A new report from international market research firm Newzoo is highlighting the ever-increasing popularity of mobile gaming. According to the Mobile Games Trend Report, the number of Americans who play video games on their smartphone, tablet, or iPod Touch has surpassed 100 million.
Newzoo says 69 percent of U.S. mobile gamers play on a smartphone, while 21 percent play on a tablet, and 18 percent play on an iPod Touch. The firm’s latest trend report claims 13 percent of all time spent on games worldwide in 2011 was on a mobile device, totaling more than 130 million hours a day.
The firm also estimates that 9 percent of total game spending last year was on mobile titles and says the free-to-play (F2P) business model is increasingly converting players into continuous payers. F2P games already account for 90 percent of mobile game spending in the U.S., Newzoo says. In February, the five top-grossing titles were all free, with Dragonvale, Smurfs’ Village, and Zynga Poker topping the charts. Paid games enter the top five at launch, Newzoo says, but drop out within a month. Newszoo says it’s proof that monetizing games as a free service can provide a more continuous and higher revenue stream.
Although smartphones and tablets are often seen as “casual” platforms, Newzoo says there is major opportunity for “core” games to be offered as full titles or game extensions, as 62 percent of core gamers in the U.S. also play on mobile devices. Developers that can combine core genres with the games-as-a-service business model on mobile platforms will be the ones that reap the most benefit from what Newzoo is dubbing “mid-core” games.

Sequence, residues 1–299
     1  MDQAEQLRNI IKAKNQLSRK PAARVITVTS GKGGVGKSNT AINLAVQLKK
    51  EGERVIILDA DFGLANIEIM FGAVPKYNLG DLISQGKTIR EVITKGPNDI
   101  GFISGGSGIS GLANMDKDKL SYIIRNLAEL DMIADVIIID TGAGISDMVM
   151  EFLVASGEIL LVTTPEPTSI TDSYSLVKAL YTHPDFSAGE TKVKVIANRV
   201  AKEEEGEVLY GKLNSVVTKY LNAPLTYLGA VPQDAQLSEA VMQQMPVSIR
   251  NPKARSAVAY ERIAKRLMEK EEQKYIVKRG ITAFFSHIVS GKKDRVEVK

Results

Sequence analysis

“The recent launch of the new iPad did not bring us the edgeless display and other innovations we were hoping for, but…the two main upgrades, processing power and resolution, dramatically improve the immersive experience of ‘core’ games on that platform,” said Newzoo CEO Peter Warman. “The intuitive interface forces developers to offer more casual gameplay, ensuring the games cater to a far broader audience, including the young moms and dads who used to play core games on their PC, Xbox, or PlayStation. Immersive experience and casual gameplay combined is what ‘mid-core’ gaming is about.”
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